09 30 2016
  6:32 pm  
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Many people look down on construction workers. In fact experts predict the shortage of construction workers will worsen over the next decade unless steps are taken to reverse the trend.
Ironically, the Pacific Northwest is in the midst of a golden age of urban expansion. In Seattle and Portland, billions of dollars has been spent on the reconstruction of city centers and housing communities over the past 10 years.
The next decade will see a major reinvestment in infrastructure projects such as the Brightwater Sewer Project in Seattle, the interstate bridge connecting Oregon and Washington. In Portland, Emanuel Hospital just broke ground on a new children's hospital and the Port of Portland is already raising dust with a gigantic new headquarters complex next to the airport.
In this 2008 Minority Business Enterprise special issue, The Skanner examines the skyrocketing business of construction contracting – one of the few areas where entrepreneurs have the power to generate family-wage jobs for others, while leaving a bricks-and-mortar legacy of their efforts for the world to see.
Sadly, while Portland's contracting scene is blossoming with hard-fought opportunities for women and workers of color, Seattle-area contractors are still laboring to educate elected officials and giant corporations on the win-win benefits of a level playing field.
On Sept. 11, Sen. John Kerry presided over hearings in Washington D.C. called "Business Start-up Hurdles in Underserved Communities: Access to Venture Capital and Entrepreneurship Training."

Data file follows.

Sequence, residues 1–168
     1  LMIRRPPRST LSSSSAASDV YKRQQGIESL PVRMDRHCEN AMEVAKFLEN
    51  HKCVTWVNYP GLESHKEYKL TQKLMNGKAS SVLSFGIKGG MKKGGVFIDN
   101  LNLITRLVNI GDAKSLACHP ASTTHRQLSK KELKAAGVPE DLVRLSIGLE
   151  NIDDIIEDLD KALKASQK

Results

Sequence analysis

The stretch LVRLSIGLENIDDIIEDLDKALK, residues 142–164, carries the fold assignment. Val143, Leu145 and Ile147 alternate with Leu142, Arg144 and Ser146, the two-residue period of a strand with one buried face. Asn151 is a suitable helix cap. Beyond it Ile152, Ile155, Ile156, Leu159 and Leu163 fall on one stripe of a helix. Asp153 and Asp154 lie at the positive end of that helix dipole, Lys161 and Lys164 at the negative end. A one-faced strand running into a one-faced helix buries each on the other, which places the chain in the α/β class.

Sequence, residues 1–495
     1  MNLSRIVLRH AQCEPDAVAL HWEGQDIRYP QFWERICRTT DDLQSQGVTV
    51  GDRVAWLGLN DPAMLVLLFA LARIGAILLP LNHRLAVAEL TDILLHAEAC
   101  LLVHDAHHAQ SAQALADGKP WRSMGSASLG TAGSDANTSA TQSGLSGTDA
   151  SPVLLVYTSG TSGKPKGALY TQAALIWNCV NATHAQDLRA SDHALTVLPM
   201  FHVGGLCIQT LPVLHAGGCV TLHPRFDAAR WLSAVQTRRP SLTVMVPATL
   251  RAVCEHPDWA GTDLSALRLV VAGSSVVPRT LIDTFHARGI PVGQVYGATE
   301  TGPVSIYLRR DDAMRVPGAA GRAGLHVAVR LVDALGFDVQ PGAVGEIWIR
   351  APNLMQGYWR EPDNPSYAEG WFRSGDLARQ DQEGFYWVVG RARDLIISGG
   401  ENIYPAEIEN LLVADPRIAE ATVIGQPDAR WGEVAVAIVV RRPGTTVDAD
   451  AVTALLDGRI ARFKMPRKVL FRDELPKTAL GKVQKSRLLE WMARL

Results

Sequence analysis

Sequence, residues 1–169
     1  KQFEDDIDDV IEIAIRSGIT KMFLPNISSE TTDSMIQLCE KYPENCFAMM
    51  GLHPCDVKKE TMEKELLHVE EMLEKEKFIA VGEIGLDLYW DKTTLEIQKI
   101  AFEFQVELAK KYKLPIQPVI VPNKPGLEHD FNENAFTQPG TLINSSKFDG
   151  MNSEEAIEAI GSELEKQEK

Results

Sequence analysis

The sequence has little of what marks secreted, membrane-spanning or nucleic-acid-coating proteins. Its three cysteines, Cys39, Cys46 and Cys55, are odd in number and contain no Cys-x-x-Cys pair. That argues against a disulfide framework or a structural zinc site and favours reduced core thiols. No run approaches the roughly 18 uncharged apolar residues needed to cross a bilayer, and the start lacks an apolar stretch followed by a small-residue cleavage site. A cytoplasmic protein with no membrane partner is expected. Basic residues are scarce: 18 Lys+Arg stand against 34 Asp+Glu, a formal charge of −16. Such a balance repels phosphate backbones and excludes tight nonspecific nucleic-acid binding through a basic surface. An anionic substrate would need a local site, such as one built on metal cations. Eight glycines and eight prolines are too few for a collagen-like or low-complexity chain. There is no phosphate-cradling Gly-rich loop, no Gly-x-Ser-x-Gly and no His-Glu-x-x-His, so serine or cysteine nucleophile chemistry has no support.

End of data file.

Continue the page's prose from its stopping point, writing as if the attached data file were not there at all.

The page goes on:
Kerry cited statistics showing that African Americans make up over 12 percent of the national population, but under 6 percent of businesses and 1 percent of profits earned; women comprise a majority of the population, but account for less than 30 percent of businesses and just over 10 percent of profits.
"These statistics are disappointing and troubling," Kerry said. "But they're certainly not due to any lack of motivation or determination on behalf of minorities and women. Instead, they're due to the tremendous hurdles women and minorities must face each day to gain fair and adequate access to venture capital, credit and business and technical training."
With this issue, The Skanner aims to energize industry and government to direct more opportunities toward the underserved in our local communities. We hope that by shining a light on the fresh ideas and hard work of those who've made progress can help resolve the battles still underway.

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